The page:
Probably the most famous coprolites known are also from the Two Medicine Formation and were also studied by Dr. Chin. They were uncommonly large and clearly from a carnivore. The only known carnivore from that formation big enough to create such a ponderous poop was Tyrannosaurus rex himself.
These coprolites told a fascinating story. The coprolites were readily identified as being from a carnivore due to elevated levels of phosphorus, which results from eating a high protein (i.e. meat) diet. The coprolites contained numerous bone chips, indicating that T. rex was not a dainty eater. T. rex had a massively built skull with powerful jaws, providing T. rex with the most powerful bite of any terrestrial animal. It put these jaws to use chomping through a carcass, bone and all. If one compares the thick, broad teeth of a tyrannosaur with the flatter, blade-like teeth and lighter skull of an allosaur, it is clear they had fundamentally different niches and eating styles.
There was bigger surprise found in the tyrannosaur coprolites. Dr. Chin found traces of undigested muscle. Obviously, it was not original muscle left in the coprolites, but mineralized remains. Why is this important? Modern reptiles have a slow metabolism. Food takes a long time to go through the digestive tract. As a result, digestion is phenomenally thorough. Crocodilians can take the enamel off teeth. Mammals, on the other hand, have notoriously inefficient digestive tracts. It is not uncommon to find recognizable bits left in the feces. Because of the elevated metabolism, food simply passes through too quickly for digestion to be complete. Meat is far easier to digest than plant matter, so carnivores, even mammalian carnivores, typically do a good job of digestion. To have traces of undigested muscle in the coprolite of a T. rex means that either the tyrannosaur was terribly sick with a bad case of the runs, or more likely, tyrannosaurs had short digestive times and a high metabolism to go along with it. It is possible to have thorough digestion with a high metabolism, but it is much harder to have incomplete digestion in a carnivore with a low metabolism.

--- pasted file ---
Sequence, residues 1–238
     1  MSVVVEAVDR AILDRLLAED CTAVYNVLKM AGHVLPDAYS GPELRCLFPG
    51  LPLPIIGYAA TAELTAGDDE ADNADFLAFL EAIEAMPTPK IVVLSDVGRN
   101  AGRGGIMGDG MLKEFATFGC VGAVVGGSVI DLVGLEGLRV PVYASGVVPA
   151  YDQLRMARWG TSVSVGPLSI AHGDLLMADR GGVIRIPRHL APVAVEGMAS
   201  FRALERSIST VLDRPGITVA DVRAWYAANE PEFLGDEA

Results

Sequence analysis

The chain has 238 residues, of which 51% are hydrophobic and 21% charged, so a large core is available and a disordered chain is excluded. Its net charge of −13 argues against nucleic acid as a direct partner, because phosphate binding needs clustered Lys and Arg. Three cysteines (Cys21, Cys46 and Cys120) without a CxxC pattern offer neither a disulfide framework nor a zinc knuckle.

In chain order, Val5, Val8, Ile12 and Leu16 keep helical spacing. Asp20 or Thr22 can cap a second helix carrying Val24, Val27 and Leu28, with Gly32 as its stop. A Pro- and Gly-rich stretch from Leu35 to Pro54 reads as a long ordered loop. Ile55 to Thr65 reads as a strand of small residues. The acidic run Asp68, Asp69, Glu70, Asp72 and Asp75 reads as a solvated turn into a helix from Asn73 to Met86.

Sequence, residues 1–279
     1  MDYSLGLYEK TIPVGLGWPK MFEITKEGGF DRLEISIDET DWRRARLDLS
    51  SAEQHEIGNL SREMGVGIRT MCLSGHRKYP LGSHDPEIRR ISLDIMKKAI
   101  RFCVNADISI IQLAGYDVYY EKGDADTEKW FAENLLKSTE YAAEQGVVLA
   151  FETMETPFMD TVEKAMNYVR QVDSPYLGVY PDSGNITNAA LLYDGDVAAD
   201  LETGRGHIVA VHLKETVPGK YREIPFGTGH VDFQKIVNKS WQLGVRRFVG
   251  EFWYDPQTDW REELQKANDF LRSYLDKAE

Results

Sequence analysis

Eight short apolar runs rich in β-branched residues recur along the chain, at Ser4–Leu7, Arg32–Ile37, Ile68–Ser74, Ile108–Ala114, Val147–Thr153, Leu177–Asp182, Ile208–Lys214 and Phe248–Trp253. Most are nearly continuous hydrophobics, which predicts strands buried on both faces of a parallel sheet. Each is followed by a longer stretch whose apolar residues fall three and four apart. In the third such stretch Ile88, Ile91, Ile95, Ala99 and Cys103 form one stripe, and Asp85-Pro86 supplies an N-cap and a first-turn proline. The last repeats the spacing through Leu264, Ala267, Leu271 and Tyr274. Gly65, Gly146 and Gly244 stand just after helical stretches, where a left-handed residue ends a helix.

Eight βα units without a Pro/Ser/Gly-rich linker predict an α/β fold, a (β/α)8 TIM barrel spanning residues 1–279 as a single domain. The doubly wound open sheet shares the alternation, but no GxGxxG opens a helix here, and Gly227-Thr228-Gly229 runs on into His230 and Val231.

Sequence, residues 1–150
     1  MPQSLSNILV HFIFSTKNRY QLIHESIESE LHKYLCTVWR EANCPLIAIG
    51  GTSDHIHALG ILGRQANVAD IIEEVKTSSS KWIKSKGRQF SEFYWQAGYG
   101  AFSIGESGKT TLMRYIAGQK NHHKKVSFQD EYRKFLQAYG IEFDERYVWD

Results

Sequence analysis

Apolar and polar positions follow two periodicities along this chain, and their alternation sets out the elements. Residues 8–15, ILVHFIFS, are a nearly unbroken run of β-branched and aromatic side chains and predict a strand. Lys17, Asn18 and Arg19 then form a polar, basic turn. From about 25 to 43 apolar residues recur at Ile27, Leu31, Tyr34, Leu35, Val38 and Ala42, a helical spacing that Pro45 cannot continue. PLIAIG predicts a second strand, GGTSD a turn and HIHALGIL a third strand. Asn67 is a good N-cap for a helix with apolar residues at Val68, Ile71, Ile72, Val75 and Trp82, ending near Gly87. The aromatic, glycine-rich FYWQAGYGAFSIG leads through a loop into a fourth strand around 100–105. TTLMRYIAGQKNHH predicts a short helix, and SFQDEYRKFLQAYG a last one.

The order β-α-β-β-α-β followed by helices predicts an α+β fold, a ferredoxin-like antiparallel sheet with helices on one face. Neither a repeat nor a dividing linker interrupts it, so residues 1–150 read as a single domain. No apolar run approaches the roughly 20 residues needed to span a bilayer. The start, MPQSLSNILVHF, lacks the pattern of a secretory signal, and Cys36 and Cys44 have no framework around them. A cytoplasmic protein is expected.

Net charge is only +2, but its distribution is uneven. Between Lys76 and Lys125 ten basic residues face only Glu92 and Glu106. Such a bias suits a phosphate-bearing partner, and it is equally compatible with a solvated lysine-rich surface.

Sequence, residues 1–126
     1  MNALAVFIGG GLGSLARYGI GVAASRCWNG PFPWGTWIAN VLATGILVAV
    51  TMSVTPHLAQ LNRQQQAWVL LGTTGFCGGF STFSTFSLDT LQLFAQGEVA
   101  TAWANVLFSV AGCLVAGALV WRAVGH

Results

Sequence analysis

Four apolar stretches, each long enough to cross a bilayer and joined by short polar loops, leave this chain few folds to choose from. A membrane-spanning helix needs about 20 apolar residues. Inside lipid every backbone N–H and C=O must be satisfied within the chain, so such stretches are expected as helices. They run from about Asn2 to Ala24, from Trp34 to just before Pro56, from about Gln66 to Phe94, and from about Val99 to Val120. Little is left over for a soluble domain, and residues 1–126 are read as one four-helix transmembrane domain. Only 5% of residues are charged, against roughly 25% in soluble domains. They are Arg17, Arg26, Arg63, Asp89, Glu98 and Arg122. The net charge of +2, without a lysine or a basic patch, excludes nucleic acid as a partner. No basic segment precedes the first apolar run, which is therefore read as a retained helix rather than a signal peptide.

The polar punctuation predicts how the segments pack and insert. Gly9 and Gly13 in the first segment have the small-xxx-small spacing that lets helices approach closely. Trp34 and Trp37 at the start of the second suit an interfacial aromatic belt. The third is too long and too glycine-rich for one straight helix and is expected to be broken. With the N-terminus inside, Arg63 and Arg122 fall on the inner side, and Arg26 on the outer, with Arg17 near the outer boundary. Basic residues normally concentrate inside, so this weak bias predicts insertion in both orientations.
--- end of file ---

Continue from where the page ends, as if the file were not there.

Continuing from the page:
Thus, coprolites not only tell us about the diet of extinct animals, they can also tell us about their physiology.
On the preservation side of things, one may ask how something as soft and squishy as a poop can fossilize. The answer to that is not easily. The vast majority of poops get washed away. But fecal material does have some advantages that help them get mineralized. As I stated earlier, carnivore feces is enriched in phosphorus. Phosphorus is an important nutrient, eagerly sought after by many organisms because it is not all that common in the environment, making it what is known as a limiting resource.
The other advantage is that feces is mostly made of bacteria, not really waste products. Our intestines are populated with microbes without which we can’t digest our food very well. The richer foods we eat, the more the microbes can grow and meat is a very rich food source.So why is having bacteria in the feces an advantage? Because the waste products they give off during their metabolic processes cause minerals to precipitate around them. Those bacteria are in a phenomenally rich food source in the poop, so they are growing like crazy, which means they are also precipitating minerals like crazy. In effect, they fossilize the poop while they are trying to eat it. If the poop can stay together, is not disturbed, and there is sufficient water around to allow the continued growth of the microbes, you will get a coprolite. The problem with this of course, is that poops are rarely left alone. Other animals eat them, dung beetles carry them off, they get stepped on and spread about, and rain washes them away.
If you have a kid interested in learning more about coprolites, I recommend the book Dino Dung, by Karen Chin. The book is written for elementary school kids, but is packed with a lot of good information on the study of coprolites and provides a great introduction to the study of fossil poop.